"Not Okay" Film Review
By: Nathaniel Simpson
Social media is one of the biggest things in today's society. People are obsessed over how many likes they get, how they are perceived by everyone else, getting verified and worrying about your follower count, etc. At times, social media can be a very good thing, allowing people to connect or spread positive messages when the world needs it the most. But the majority of social media is toxic and consumes people in every aspect of their lives. The latter is how social media is portrayed in "Not Okay", a film where writer and director Quinn Shephard shows how social media and caring about public perception can be detrimental to one's mental health.
The movie revolves around a girl named Danni (Zoey Deutch), who doesn't really know where she fits in in today's society. She can't be apart of the BLM movement, the LGBTQ+ community, any minority group, etc; it leaves her feeling like she is an outcast and doesn't belong. She tries way too hard to be something she is not just so people can like her. So, when Colin (Dylan O'Brien), who is a successful influencer on social media, pops up in her life at work, she decides to do whatever is necessary to get his attention.
This involves her faking a trip to Paris by photoshopping her photos on Instagram to make it seem like she is actually in another country. However, when terrorists attack multiple locations in Paris, she is now in the sticky situation of coming forward and telling the truth or lying to protect herself. She of course chooses the latter, making her an activist for terrorist attacks across the country due to an article she wrote. Yet when she develops a close friendship with a 17-year-old school shooting survivor named Rowan (Mia Isaac), she is stuck between a rock and a hard place concerning whether or not she should come clean, or stay hidden behind her lie forever.
This movie tackles the struggles and stresses of the online world today, and I think it does a perfect job of summing up how people are in society. Danni is the type of person who's only care is about what people think of her, rather than trying to go out and make friends being who she is. But, then we have people like Rowan, who is trying to spread awareness for the problems in the world today, while also trying to just live and enjoy life as a teenager after a tragic accident that no one should have to go through. In the end, you see which type of person is more successful and happy.
The movie opens up with a disclaimer saying that it has "flashing lights, themes of trauma, and an unlikable female protagonist". I think that is only true to a certain extent, as the protagonist of Danni isn't likable, but isn't not likable at the same time. Her actions in this film are horrible and shouldn't be condoned whatsoever, but at the same time, you can't help but feel for her and want to like her. Deutch does a great job of bringing this character to life, and she really breaks down these walls that our main character has put up for everyone else. She's funny when she shouldn't be, and tone-deaf when she should be more respectful to the situation at the hand. Consider the scene where Danni is stalking Rowan's social media account after their first interaction. She posts a photo supporting gun laws in America, prompting many people should comment on the post in support. Then, we have Danni, who comments "Skin goals" on the same post. It is shockingly funny in a way, which is pretty common throughout this movie.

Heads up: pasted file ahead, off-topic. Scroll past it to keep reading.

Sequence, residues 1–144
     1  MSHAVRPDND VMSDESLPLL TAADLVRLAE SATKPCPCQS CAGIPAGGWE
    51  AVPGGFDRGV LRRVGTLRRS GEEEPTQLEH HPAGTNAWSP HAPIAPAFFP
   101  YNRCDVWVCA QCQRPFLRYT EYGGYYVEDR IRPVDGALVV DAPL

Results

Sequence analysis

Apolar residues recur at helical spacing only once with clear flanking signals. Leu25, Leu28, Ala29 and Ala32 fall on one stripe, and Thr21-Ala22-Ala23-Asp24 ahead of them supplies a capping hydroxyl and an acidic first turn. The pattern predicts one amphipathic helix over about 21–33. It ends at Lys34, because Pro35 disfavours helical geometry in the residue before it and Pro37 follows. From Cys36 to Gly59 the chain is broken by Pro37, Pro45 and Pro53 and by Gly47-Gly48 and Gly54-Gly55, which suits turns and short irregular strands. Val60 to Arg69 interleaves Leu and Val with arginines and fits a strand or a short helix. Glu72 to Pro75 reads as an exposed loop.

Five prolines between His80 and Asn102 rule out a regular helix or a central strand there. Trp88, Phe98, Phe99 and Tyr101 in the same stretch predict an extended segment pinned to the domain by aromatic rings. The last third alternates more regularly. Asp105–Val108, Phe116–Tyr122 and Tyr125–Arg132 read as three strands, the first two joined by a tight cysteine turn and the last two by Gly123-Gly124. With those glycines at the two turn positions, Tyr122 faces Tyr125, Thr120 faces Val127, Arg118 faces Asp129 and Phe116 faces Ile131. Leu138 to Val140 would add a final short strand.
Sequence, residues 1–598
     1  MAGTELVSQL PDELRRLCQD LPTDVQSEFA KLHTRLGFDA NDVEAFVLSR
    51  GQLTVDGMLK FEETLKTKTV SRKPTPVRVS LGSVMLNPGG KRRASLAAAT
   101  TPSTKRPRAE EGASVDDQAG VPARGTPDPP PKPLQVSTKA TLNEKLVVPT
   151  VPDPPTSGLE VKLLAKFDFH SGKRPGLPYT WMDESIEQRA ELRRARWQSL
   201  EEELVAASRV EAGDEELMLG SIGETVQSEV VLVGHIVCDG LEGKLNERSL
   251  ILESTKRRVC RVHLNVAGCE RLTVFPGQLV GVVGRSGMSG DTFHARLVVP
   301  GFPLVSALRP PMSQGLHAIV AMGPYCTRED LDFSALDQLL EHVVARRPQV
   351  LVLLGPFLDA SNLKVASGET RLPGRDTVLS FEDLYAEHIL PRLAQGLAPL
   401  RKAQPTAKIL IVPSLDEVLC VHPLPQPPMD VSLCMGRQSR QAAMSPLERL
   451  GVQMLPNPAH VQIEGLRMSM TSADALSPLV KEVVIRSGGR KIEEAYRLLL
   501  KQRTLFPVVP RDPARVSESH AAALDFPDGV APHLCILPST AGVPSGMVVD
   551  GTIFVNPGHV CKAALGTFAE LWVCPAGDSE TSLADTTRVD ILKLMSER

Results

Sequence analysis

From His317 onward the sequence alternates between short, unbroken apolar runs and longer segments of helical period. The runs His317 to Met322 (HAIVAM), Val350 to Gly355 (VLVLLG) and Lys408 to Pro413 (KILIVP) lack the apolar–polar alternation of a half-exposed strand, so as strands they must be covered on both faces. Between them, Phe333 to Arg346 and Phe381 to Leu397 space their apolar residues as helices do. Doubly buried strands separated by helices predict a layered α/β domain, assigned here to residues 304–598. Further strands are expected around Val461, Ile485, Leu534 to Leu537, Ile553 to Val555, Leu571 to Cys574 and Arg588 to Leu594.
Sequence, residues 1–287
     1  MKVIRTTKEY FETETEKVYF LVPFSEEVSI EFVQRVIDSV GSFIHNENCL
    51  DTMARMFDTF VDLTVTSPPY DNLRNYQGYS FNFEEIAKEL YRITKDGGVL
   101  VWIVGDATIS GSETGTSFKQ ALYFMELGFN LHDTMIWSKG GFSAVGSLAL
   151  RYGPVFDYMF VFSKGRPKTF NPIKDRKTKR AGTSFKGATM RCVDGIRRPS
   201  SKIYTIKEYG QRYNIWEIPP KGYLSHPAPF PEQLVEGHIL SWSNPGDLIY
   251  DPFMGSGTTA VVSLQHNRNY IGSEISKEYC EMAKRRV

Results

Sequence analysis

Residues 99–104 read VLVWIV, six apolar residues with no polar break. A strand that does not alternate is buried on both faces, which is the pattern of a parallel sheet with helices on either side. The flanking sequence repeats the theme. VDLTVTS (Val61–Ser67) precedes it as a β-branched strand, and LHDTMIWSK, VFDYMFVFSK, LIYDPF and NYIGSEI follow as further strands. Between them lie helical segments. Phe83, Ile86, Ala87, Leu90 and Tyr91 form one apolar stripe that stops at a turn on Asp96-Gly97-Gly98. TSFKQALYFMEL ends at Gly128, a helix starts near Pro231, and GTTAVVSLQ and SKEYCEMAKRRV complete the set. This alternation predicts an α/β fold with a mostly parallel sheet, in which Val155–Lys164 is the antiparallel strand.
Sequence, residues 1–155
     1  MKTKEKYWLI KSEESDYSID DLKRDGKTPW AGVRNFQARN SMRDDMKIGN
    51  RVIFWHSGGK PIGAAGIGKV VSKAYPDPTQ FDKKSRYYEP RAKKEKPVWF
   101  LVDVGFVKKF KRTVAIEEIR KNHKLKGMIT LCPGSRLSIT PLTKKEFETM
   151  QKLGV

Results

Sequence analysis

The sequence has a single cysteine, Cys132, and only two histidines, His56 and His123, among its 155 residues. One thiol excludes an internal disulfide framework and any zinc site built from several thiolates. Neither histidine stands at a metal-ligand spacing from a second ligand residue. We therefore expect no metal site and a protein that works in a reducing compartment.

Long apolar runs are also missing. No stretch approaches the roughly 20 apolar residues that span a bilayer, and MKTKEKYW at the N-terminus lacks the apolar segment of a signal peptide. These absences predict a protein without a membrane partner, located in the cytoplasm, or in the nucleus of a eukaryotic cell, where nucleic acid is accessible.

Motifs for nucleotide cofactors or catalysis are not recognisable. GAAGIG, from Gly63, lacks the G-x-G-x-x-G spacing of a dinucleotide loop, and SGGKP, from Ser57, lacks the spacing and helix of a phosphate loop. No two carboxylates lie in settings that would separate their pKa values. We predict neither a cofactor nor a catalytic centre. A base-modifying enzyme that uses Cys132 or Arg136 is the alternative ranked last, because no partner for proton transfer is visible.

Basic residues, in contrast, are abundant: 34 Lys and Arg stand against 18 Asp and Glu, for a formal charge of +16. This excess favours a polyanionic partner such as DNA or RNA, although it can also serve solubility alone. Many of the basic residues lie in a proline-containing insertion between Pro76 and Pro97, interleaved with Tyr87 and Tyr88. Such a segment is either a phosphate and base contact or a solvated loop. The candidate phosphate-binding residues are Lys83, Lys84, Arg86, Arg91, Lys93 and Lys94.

I think Shepherd does a great job of directing this cast and writing the script. The plot moves on at a very quick pace, and never finds time to slow down or bore the audience. She is able to find humor in such tragic situations, which I think works perfectly in this film. But at the same time, she is able to raise awareness for real-life events that have inspired some of the plot details in this movie. So, it could be classified as satire in a way, as well as being hailed as a movie that furthers the proactive activism for issues in America today.
One thing I would like to mention is how O'Brien steals the show in every scene he is in, and is a great addition to this film, in my opinion. It is very odd to see this actor play a role like this, and I'm all here for it. He is kind of stupid, but he is smart where it counts. He knows how to make engaging content for social media, as well as how to charm his women audience. I personally love the scene towards the conclusion of the film, where Danni is sobbing while heading to the elevator. The elevator opens, and Colin steps out, smoking weed like he does in every other scene of this film. He then starts to act confused and ask what is going on in a very idiotic manner, which is honestly one of the funniest scenes in this movie to me as it is so off-guard and unexpected. But, at the same time, Shepherd shows how these people that we look up to or want to be may not always be the best people in real life.
Out of the many films that have been released concerning social media, I think this one kind of captures it the best. It perfectly shows how social media can damage our society, as well as putting down our phones and just focusing on what we have now in front of us. It is hauntingly beautiful in a way, and I think this can show the younger generations how detrimental and toxic their favorite apps on their phone can be.